Lawmakers pushing for local control of NYC casino sites
State lawmakers and Gov. Kathy Hochul appear likely to roll the dice on casinos in the New York City area, but only if local officials get significant say over where they are located, according to key legislators.
Democrats in both the Senate and Assembly have signaled they are open to beginning the approval process for the state’s three remaining casino licenses this year, which Hochul first proposed in January as part of her state budget plan.
But lawmakers have made clear they want to see some semblance of local control over the casino sites, perhaps by creating an oversight panel consisting of the affected borough presidents or county executives, council members and representatives from the local community board, according to Assemblymember Gary Pretlow, a Mount Vernon Democrat who chairs the chamber’s gaming committee.
Pretlow said his fellow Assembly Democrats are “insisting that we have local control.”
“We want to make sure that a casino isn’t located in a neighborhood where people who represent that area – whether it’s the community board members, borough presidents, city council members, whomever – don’t want it there,” Pretlow said. “If nobody wants it there, then we’re not going to force it on them because someone’s offering $10 billion to build a casino.”
Sen. Joseph Addabbo, the Queens Democrat who chairs the Senate’s gaming committee, said lawmakers “all agree, for the most part, that there should be some element of local control.”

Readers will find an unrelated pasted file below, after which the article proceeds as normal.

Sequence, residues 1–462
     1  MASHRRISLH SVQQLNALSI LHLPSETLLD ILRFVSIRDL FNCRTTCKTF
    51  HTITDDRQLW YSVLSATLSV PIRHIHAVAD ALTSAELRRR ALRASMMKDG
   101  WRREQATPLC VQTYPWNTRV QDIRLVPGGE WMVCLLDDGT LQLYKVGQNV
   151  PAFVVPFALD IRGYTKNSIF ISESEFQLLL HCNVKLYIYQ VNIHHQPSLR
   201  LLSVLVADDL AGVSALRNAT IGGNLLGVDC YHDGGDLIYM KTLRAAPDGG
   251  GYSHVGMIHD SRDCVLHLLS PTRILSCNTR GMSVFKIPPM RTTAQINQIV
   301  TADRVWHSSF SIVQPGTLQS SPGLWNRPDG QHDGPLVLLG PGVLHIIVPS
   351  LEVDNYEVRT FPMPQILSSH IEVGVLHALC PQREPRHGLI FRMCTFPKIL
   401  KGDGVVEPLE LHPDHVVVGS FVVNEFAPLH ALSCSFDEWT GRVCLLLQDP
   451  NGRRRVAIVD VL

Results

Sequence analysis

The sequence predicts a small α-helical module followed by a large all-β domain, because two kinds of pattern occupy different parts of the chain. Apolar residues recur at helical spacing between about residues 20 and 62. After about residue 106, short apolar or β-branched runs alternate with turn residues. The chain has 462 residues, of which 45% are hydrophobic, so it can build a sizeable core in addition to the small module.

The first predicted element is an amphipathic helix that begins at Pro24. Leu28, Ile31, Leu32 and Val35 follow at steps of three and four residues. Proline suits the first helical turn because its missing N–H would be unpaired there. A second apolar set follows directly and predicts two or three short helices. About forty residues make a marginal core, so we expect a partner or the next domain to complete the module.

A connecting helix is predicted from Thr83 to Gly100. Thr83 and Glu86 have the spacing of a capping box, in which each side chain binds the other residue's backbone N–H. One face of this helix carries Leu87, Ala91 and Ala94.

Negotiations are now focusing on exactly what form that should take.
“Does it look like a council built up of elected officials and community people? What does it look like?” Addabbo said in an interview. “And I think that's where we're at at this point.”
The location of a prospective New York City casino has the potential to draw significant protest, particularly if casino operators target Manhattan or Brooklyn. Meanwhile, Genting Group, the Malaysian gambling giant, is hoping to attract a full-scale license for its existing Resorts World racetrack casino at Aqueduct in Queens, while MGM Resorts’s Empire City Casino is seeking the same for Yonkers Raceway just north of the city.
On Tuesday, Mayor Eric Adams said he would support two casinos in the city, depending on what casino developers are willing to propose.
“We don't want just a gambling casino,” he said at a news conference. “We want to know how it impacts the overall city and how we all benefit from it.”
The casino negotiations are wrapped up in broader talks over Hochul’s $216 billion budget proposal.
It’s crunch time at the Capitol. A final spending plan is due before the state’s fiscal year begins Friday, though lawmakers appeared increasingly resigned Wednesday to the probability that it will be late.